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For enhanced safety, the front and middle seat shoulder belts of the Land Rover Discovery have pretensioners to tighten the seatbelts and eliminate dangerous slack in the event of a collision and force limiters to limit the pressure the belts will exert on the passengers. The Nissan Pathfinder doesn’t offer pretensioners for the middle seat belts.
Both the Discovery and Pathfinder have child safety locks to prevent children from opening the rear doors. The Discovery has power child safety locks, allowing the driver to activate and deactivate them from the driver's seat and to know when they're engaged. The Pathfinder’s child locks have to be individually engaged at each rear door with a manual switch. The driver can’t know the status of the locks without opening the doors and checking them.
To provide maximum traction and stability on all roads, All-Wheel Drive is standard on the Discovery. But it costs extra on the Pathfinder.
The Discovery’s lane departure warning system alerts a temporarily inattentive driver when the vehicle begins to leave its lane and gently nudges the vehicle back towards its lane. The Pathfinder doesn’t offer a lane departure warning system.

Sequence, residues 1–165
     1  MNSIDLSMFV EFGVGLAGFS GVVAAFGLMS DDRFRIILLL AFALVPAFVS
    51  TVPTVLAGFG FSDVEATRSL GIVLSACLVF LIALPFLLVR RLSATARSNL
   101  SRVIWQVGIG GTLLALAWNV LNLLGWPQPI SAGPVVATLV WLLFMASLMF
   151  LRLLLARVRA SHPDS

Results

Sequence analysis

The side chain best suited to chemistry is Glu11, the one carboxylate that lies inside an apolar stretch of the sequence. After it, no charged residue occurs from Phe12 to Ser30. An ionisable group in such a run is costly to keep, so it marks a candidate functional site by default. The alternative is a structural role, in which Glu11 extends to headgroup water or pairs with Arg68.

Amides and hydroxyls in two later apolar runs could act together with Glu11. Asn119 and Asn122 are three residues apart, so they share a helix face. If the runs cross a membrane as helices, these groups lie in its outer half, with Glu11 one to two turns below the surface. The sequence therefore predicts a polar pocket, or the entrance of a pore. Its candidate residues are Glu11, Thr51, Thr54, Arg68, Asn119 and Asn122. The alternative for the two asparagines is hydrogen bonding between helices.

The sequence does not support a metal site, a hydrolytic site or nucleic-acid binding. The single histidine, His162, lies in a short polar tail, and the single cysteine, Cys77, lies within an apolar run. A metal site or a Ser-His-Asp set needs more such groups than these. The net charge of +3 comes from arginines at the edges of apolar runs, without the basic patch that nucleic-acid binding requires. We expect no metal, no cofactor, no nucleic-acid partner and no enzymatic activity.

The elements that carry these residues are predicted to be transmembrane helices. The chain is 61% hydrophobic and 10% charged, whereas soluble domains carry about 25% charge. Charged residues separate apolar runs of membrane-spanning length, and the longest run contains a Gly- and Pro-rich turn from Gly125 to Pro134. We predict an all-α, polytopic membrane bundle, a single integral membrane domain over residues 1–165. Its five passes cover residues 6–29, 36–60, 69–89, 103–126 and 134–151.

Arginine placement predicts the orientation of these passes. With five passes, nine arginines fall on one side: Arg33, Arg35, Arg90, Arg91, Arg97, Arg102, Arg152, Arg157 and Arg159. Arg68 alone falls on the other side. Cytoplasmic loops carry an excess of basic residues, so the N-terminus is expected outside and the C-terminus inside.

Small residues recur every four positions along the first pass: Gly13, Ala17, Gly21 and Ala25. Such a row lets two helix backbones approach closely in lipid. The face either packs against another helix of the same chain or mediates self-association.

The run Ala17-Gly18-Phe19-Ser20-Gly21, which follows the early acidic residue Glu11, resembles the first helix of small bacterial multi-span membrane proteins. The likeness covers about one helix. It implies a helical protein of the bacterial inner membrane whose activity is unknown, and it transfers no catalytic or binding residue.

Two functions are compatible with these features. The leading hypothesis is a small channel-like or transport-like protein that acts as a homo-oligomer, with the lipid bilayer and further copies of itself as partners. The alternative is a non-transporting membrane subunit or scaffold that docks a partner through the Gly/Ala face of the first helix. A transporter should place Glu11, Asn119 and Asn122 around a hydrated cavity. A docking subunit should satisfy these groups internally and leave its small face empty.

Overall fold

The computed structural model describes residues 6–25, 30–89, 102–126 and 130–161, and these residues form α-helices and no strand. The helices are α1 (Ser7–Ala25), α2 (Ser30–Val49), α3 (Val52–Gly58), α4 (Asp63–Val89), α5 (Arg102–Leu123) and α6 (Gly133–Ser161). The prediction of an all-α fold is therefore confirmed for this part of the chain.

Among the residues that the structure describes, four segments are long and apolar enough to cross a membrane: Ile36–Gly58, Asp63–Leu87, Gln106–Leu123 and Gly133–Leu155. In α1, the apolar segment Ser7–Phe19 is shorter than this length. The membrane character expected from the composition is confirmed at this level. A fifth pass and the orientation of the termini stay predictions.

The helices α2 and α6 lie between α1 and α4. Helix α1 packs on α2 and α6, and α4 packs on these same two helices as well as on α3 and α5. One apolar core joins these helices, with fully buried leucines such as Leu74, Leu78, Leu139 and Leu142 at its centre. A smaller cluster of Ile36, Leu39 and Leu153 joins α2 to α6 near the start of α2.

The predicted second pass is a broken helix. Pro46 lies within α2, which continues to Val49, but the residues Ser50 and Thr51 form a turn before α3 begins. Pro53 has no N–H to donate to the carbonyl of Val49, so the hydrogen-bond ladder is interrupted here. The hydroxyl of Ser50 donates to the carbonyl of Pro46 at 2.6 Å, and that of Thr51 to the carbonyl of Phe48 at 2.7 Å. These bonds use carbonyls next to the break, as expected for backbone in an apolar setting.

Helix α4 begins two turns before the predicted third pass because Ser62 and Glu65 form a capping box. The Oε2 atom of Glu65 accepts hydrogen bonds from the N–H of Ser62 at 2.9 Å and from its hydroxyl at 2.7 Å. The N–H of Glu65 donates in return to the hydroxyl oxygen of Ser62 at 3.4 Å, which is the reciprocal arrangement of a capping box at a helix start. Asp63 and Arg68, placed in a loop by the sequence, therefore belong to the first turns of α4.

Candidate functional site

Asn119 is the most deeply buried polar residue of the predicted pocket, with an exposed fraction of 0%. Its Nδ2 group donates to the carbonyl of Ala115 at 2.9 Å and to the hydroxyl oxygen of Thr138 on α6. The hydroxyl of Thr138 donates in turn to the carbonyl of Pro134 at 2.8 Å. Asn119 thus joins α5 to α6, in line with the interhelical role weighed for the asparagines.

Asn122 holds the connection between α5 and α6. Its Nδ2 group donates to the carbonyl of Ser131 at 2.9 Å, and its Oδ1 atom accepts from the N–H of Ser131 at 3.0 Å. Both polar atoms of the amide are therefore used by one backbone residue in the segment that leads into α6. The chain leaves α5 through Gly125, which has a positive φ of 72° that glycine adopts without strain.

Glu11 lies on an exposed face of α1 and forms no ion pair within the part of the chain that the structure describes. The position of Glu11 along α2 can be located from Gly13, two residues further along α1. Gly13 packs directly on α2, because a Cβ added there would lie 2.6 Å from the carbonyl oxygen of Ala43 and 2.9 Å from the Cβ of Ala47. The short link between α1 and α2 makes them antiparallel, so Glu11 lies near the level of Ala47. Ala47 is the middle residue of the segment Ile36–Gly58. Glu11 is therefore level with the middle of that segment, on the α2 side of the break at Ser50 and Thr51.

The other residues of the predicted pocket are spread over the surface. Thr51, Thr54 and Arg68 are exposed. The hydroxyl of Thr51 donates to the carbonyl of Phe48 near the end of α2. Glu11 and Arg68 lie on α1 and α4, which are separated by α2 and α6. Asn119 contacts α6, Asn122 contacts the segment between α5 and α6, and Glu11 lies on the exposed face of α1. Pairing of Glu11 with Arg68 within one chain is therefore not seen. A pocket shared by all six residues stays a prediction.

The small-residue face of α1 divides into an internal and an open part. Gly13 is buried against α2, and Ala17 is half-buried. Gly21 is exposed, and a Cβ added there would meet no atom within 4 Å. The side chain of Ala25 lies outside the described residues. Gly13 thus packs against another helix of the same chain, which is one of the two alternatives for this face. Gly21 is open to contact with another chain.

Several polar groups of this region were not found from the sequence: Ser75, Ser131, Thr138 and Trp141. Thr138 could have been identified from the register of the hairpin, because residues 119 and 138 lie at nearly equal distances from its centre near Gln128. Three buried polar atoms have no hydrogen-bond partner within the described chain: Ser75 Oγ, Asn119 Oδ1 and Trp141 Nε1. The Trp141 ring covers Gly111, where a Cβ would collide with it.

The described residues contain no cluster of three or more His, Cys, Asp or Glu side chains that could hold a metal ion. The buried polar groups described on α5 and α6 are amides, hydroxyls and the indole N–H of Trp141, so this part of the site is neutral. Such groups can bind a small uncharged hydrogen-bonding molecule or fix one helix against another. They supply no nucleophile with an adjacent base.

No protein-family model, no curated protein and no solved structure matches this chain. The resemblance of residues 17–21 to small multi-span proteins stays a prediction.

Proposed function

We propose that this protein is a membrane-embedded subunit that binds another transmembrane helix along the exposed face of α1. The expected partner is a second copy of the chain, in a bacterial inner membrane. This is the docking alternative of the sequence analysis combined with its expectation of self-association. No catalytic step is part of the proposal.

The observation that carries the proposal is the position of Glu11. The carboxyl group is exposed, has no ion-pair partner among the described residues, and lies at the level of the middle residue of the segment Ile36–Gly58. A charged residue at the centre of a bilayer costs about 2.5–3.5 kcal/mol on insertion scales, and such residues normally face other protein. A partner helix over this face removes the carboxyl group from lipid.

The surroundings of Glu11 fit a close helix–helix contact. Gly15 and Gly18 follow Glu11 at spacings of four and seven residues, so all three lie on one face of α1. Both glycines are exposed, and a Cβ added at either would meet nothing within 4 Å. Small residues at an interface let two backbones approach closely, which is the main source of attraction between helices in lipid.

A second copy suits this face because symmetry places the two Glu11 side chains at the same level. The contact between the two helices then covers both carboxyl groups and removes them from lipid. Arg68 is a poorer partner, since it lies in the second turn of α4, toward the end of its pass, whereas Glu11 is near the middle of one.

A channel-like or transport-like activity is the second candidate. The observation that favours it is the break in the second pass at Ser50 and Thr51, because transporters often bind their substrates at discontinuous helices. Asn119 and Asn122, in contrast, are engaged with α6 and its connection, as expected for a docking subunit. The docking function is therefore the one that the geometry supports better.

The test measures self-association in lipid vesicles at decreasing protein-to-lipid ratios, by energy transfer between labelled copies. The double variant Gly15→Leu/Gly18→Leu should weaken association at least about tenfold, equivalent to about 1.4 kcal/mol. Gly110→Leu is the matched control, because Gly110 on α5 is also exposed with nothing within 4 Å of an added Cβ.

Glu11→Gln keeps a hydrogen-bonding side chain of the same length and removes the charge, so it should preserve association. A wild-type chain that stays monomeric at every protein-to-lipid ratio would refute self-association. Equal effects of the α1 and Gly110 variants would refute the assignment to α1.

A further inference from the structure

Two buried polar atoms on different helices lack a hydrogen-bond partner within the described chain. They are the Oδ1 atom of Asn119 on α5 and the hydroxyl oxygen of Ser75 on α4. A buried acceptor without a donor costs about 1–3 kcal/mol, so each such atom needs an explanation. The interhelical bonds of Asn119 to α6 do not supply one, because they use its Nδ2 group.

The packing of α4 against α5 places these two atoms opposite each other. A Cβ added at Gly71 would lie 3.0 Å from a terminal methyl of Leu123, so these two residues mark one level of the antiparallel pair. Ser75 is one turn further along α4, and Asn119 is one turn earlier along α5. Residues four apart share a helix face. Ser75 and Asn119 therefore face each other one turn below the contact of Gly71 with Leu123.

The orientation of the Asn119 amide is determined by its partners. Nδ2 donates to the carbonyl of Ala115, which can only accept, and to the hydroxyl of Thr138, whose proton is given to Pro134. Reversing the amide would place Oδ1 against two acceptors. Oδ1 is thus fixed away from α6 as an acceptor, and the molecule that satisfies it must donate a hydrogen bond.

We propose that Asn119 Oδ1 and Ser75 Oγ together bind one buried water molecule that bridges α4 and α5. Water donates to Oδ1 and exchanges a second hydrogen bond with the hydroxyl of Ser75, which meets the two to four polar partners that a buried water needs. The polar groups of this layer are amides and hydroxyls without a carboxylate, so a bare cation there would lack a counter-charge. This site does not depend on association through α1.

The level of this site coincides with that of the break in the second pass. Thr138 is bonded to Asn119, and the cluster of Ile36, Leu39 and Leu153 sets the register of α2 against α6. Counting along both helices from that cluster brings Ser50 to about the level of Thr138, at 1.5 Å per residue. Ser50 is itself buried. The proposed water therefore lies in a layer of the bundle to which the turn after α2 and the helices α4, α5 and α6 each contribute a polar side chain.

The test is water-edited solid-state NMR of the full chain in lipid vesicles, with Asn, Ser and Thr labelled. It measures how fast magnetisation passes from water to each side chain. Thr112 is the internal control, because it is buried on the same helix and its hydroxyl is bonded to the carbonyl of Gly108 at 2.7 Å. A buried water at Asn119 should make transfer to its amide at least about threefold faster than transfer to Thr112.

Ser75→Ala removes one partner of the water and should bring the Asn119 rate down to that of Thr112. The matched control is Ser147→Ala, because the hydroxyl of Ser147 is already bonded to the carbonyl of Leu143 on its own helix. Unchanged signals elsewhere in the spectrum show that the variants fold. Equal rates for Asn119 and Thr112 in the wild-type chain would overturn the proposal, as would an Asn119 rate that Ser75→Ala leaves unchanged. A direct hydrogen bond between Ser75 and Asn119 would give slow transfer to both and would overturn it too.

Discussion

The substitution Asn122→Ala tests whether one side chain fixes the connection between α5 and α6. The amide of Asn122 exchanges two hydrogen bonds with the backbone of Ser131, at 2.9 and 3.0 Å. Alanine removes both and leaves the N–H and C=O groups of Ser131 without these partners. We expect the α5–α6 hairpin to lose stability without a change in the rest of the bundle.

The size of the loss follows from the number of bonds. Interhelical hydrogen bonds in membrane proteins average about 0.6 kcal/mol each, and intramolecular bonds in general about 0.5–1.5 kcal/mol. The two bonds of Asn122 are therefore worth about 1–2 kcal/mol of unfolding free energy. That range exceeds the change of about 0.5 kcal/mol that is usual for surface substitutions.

The Discovery’s driver alert monitor detects an inattentive driver then sounds a warning and suggests a break. According to the NHTSA, drivers who fall asleep cause about 100,000 crashes and 1500 deaths a year. The Pathfinder doesn’t offer a driver alert monitor.
Both the Discovery and the Pathfinder have standard driver and passenger frontal airbags, front side-impact airbags, side-impact head airbags, four-wheel antilock brakes, traction control, electronic stability systems to prevent skidding, crash mitigating brakes, daytime running lights, rearview cameras and available around view monitors.
The Discovery comes with a full 4-year/50,000-mile basic warranty that covers the entire truck and includes 24-hour roadside assistance. The Pathfinder’s 3-year/36,000-mile basic warranty expires 1 year and 14,000 miles sooner.
The Discovery’s corrosion warranty is 1 year longer than the Pathfinder’s (6 vs. 5 years).
The Discovery’s 3.0 supercharged V6 produces 56 more horsepower (340 vs. 284) and 73 lbs.-ft. more torque (332 vs. 259) than the Pathfinder’s 3.5 DOHC V6.
The Discovery’s 3.0 turbo V6 diesel produces 184 lbs.-ft. more torque (443 vs. 259) than the Pathfinder’s 3.5 DOHC V6.
In heavy traffic or at stoplights the Discovery’s engine automatically turns off when the vehicle is stopped, saving fuel and reducing pollution. The engine is automatically restarted when the driver gets ready to move again. (Start/Stop isn’t accounted in present EPA fuel mileage tests.) The Pathfinder doesn’t offer an automatic engine start/stop system.